Gareth Southgate’s side reached their first major tournament final in 55 years, but could not beat Roberto Mancini’s Italy side, the last team standing between them and ending more than half a century of hurt and no silverware.
Luke Shaw opened the scoring with the fastest goal in any final of a European Championship, sparking wild celebrations both inside Wembley Stadium and all over the country.
However, the buoyant mood was quashed just after the hour mark when Leonardo Bonucci bundled his effort home to equalise for the Italian’s, a goal that had been coming, such was the relentless pressure from the Azzurri.
Boasting significantly more possession than the hosts, Italy ensured many of the England stars were left chasing shadows, tiring themselves in the process as the tie went the full 120 minutes.
Despite having the luxury of swathes of attacking prowess both on the pitch and to call on from the substitutes bench, England rarely threated Gianluigi Donnarumma’s goal after their two minute strike.
Mancini’s men looked more than comfortable recycling possession and wearing England down, before the moment eventually came mid-way through the second half.
After the game, former England international Lineker took to twitter to give his thoughts on the Three Lions tactical set up.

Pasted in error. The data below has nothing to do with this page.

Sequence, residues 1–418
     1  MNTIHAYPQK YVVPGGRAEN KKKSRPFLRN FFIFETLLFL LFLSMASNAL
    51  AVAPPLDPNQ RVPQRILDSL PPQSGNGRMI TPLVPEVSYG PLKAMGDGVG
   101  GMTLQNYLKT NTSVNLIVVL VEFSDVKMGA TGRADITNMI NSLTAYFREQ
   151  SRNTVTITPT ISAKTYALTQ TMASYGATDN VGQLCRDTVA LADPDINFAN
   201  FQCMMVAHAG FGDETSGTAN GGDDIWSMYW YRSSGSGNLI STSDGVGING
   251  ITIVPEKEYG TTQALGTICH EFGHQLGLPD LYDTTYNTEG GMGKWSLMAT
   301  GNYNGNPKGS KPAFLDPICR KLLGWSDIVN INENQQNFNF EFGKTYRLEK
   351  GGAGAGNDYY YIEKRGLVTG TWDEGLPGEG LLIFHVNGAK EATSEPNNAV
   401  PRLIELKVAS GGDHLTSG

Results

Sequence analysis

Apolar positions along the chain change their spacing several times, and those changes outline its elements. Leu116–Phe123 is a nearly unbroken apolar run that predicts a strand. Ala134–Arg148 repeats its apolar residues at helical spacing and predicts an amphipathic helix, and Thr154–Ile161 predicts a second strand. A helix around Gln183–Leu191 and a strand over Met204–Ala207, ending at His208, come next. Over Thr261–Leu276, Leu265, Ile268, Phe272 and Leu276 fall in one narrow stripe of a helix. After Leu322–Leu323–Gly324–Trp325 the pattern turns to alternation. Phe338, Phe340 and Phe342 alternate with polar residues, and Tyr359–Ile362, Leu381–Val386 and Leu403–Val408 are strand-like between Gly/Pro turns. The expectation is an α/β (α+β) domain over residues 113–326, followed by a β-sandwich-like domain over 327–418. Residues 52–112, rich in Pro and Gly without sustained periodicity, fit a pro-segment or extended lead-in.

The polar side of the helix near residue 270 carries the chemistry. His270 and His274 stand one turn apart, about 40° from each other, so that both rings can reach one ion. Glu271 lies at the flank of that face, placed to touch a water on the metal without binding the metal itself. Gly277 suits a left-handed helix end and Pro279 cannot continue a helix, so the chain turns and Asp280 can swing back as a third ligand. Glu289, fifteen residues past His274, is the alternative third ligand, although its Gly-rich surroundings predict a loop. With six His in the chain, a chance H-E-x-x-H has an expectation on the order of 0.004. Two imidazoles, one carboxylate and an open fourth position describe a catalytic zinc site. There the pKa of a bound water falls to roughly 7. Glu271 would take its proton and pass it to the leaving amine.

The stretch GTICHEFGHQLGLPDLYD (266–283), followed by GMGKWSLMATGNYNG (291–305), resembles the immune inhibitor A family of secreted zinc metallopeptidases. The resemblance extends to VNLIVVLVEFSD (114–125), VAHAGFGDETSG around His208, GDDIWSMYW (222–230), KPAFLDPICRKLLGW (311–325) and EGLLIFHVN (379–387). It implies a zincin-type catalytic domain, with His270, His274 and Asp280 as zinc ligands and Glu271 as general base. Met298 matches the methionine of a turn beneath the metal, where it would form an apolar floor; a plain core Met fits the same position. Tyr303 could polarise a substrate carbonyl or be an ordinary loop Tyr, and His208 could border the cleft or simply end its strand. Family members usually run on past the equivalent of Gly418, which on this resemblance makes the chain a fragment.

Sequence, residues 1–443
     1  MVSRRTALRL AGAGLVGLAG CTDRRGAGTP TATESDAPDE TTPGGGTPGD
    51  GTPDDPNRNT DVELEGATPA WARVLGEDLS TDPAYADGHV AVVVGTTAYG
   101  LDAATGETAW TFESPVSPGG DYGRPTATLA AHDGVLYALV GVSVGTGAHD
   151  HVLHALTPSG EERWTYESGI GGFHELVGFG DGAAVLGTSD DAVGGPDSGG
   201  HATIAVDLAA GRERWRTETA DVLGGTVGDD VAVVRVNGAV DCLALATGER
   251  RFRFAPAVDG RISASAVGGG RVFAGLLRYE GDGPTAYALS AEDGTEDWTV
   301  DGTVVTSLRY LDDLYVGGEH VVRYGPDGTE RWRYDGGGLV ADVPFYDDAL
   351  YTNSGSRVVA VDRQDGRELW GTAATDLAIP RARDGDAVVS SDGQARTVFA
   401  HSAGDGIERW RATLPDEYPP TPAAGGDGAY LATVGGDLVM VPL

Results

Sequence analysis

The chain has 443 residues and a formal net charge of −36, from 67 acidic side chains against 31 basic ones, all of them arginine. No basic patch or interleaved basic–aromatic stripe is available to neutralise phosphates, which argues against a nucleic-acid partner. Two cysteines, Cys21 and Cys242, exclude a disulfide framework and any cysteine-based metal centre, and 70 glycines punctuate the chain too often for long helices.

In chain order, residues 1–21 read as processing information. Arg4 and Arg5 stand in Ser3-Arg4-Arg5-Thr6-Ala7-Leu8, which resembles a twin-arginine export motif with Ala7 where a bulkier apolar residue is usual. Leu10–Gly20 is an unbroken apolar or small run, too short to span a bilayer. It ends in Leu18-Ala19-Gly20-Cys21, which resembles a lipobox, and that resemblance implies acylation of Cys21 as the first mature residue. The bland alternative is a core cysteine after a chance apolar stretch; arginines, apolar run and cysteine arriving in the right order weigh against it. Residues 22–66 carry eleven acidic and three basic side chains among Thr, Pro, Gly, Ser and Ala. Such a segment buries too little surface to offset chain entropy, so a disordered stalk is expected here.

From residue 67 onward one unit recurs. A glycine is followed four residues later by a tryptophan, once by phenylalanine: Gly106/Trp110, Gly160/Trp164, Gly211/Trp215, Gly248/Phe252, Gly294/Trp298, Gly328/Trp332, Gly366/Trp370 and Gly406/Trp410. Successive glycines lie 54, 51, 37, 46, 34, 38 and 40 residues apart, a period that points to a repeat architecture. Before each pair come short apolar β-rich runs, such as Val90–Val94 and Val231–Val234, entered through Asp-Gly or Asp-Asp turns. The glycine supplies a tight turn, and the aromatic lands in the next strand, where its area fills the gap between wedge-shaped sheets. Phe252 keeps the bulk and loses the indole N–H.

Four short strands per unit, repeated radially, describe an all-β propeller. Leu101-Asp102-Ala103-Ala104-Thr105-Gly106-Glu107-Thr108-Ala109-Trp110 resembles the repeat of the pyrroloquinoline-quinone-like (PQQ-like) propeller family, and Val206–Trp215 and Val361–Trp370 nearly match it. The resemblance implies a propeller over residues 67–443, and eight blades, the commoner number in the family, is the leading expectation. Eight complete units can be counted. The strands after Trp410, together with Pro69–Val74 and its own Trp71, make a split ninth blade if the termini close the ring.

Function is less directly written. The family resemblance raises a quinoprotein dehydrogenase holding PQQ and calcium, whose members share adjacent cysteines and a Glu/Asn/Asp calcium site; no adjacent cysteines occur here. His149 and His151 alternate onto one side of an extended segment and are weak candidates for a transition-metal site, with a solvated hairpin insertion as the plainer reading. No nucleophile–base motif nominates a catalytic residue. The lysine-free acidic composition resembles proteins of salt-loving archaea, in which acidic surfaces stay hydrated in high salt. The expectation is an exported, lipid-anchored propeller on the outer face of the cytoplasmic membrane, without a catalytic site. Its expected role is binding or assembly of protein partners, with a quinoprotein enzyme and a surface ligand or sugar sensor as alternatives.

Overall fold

Lineker wrote, “I think going forward England have to find a way of being more attack minded. Braver in possession and throwing more people forward. We have the forward talent to scare teams, at present we seem scared ourselves to release that talent.”
Given Jack Grealish was forced to wait until ten minutes into extra-time before he came on, while duo Marcus Rashford and Jadon Sancho played all of about two minutes of the available 120, Lineker has a point.
Southgate’s decision to deploy two defensive-minded midfielders has often drawn criticism, but worked well enough to guide England to the final of the tournament.
However, it is undeniable that the decision in turn does lead to a less attacking outlet, with the Three Lions finding it difficult to apply relentless pressure without much presence when it comes to attacking midfielders.
The isolation between the midfield pairing of Declan Rice and Kalvin Phillips and striker Harry Kane was clear fairly early on into proceedings, the England skipper forced to feed off scraps and aimless clearances into the channels without a figure behind him pulling the strings.
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Kane himself eventually ended up operating far too deep to pose a threat to the Italians, such was his lack of service throughout the tie.
Lineker’s rally cry for England to become more attacking may potentially fall on deaf ears given this defensive set-up guided the nation to its first final in more than half a century, but if they are to actually start filling the trophy cabinet, they may have to take heed from the ex-England striker.